The following steps relate to advertising photography, not editorial, wedding, portrait etc. Those all have fairly obvious ways of ferreting out market values or, as in the case of editorial, the prices are now dictated by the magazine.
Step 1, Understanding you’re more than you think you are:
What you do for a living is fun, sexy, and has probably gotten you a few dates. Doesn’t it make sense that you should get paid for it too. You should. Your talent is worth money to a lot of people. The more experience you gain, the more valuable you become. Not only does your talent improve, but so does your ability to deal with clients and crises. All these things combined make you, as a package, worth more with each new experience.
Do not think of yourself with blinders on. Think about all your assets beyond the ability to shoot pictures. You’re pitching yourself, your talent, and your experience, not just a camera and an operator.
Step 2, Don’t undervalue yourself for too long:
There isn’t a single photographer alive that didn’t spend a lot of years getting paid too little for where they were in their career. If you ever listen to a veteran photographer talk as if they had it all figured out from day one, they didn’t. We all get arrogant after we reach a financial milestone. And then we delude ourselves into thinking that we had all this stuff sorted out the whole time. Puh-leeze!
The knee-jerk reaction when your starting out is to do anything for anyone at any price. A good policy when your hungry for experience. But, at some point you’re going to have to find the strength to turn a peasant wage down. Personally I waited too long to do this. I sort of meandered through the first ten years of my career getting underpaid. My big breakthrough came when a client offered me a nice fee to shoot a simple job. My advice is to not wait for that magical person.
Step 3, Taking a leap:
You are going to have to suck it up and ask for too much money every once in awhile. When all the interrogation methods I suggest above fail, and you have no inside information, you’re going to have to shoot blind. Don’t be an idiot and ask for some astronomical fee, but try asking for several thousand dollars more than you think you should and see what kind of response you get. Sometimes it’s the only way to move forward. It will cause you all kinds of anxiety, but often times it can be a great indicator of what the market thinks of you.
Step 4, Understand rejection:
Getting rejected doesn’t mean you suck. This is a profession of constant rejection. No matter how hard you try to understand why you didn’t get a gig, you never will. Never, never, never! It could be legitimate like you just weren’t the right person for the job. It could be nepotism, another photographer was already chosen, and the agency just needed to look like they were shopping around. Or it could be as random as a vegan art director taking offense to your cowhide portfolio. You’ll never know.
What you can do is not get prissy and burn a bridge. (I’m speaking from experience here.) What an agency didn’t like about you today, they may love about you tomorrow. Just grab your portfolio. Give the agency a big smooch and a “thank you” and go get a drink. Because tomorrow you’re going to find someplace else with an open door.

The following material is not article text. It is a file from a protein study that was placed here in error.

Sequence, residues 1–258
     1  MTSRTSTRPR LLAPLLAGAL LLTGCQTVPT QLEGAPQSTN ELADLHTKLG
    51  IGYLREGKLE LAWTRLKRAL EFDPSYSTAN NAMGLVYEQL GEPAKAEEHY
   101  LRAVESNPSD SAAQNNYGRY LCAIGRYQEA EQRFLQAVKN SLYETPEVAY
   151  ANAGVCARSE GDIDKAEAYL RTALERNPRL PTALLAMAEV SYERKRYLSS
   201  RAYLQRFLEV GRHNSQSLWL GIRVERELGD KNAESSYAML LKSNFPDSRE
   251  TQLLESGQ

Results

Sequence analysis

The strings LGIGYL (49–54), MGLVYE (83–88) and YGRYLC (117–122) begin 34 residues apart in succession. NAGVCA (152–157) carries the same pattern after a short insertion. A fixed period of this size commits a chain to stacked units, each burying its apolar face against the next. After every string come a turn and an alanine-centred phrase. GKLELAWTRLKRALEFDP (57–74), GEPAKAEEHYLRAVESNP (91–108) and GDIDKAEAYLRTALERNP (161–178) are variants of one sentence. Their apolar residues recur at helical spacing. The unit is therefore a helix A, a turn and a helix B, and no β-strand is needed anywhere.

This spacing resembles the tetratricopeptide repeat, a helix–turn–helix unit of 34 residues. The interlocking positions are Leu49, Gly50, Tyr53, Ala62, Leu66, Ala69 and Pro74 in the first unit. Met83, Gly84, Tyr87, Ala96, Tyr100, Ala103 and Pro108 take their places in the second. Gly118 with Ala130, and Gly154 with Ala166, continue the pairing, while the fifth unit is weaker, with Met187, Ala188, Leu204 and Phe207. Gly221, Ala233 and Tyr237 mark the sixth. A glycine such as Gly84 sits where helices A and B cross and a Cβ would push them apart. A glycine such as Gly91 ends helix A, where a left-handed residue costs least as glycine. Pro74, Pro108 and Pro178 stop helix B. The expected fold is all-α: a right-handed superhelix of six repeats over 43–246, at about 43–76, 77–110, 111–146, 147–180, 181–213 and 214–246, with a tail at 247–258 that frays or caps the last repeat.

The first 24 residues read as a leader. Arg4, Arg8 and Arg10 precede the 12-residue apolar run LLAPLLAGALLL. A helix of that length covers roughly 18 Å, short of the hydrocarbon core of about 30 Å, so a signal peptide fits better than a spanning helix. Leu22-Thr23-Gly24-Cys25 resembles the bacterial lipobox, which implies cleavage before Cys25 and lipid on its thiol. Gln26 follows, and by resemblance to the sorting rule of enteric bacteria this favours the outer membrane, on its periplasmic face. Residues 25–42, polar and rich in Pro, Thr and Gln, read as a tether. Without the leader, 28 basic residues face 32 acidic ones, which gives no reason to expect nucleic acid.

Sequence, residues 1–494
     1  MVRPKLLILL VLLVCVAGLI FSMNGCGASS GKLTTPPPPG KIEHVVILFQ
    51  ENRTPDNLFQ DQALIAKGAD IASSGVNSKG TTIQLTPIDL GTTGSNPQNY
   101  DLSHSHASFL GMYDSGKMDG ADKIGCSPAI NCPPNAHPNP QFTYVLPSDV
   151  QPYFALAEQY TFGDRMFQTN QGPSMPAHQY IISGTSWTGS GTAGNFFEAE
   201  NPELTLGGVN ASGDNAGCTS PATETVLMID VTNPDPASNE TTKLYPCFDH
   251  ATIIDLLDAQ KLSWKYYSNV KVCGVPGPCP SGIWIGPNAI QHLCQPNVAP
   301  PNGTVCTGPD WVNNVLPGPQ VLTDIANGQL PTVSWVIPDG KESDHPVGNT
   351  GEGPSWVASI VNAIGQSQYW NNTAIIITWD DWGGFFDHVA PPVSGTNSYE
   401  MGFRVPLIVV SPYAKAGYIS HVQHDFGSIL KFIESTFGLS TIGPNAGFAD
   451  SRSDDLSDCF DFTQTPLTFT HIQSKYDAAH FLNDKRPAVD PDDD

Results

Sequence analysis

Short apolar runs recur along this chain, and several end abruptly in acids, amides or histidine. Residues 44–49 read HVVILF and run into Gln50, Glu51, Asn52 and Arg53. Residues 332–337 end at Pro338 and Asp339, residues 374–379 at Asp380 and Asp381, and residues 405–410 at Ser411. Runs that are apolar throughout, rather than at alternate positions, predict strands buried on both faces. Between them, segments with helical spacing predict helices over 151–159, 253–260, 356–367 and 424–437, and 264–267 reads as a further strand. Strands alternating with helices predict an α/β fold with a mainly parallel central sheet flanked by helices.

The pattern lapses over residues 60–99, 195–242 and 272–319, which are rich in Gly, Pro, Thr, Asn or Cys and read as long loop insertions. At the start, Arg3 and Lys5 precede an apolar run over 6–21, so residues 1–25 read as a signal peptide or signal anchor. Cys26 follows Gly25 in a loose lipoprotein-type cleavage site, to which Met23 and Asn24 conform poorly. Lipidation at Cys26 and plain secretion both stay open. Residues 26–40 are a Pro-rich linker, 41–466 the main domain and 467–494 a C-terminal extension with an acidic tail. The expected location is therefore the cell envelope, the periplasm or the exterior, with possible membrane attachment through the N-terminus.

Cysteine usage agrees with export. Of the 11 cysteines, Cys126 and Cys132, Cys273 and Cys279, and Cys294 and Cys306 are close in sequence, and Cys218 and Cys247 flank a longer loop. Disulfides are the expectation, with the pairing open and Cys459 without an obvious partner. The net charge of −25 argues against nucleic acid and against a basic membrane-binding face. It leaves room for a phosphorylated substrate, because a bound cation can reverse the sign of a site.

The worse thing you can do is start mentally spinning. You know the feeling when you postulate a theory why something didn’t go your way and you start to obsess about it. Truth is there are no conspiracies against you. There aren’t a bunch of agency people hanging out by the espresso machine talking about you, with the intent emailing everyone they know about you, only to have your awful portfolio end up on CNN International so you’ll never get another job in this solar system ever again.
It just didn’t work out. That’s all.
Step 5, Standing tall:
There are times in your career that people are going to try and make you feel like crap. They’ll scream at you, patronize you, threaten you with lawsuits — basically try and intimidate you. Keep in mind there is either a psychotic or an agenda behind these threats.
One of the toughest things to do is maintain composure and hold your own during these disasters. But you have to. There is no reason for anyone to treat you like garbage. Most people in this industry maintain a certain level of professionalism. When you come across ones that don’t, you absolutely have to stand up.
The first time I ever got yelled at was during a model test. The agent had an insane melt down about the makeup in the shot, which just happened to be applied by my girlfriend. The modeling agent totally berated me in front of the entire agency. It was awful, and I didn’t do a thing to stand up for myself even though I thought that the image was pretty good. In retrospect, I realized that the agent was yelling for the sake of yelling. That’s an example of a psycho.
Years later, I shot a catalog for a clothing line for golfers. It was one of those negotiations where we couldn’t come to an agreement on the amount of the bid so I pulled out of the running. I had a bad feeling about the guy and his operation. I felt like it would be easier to be broke than to get involved.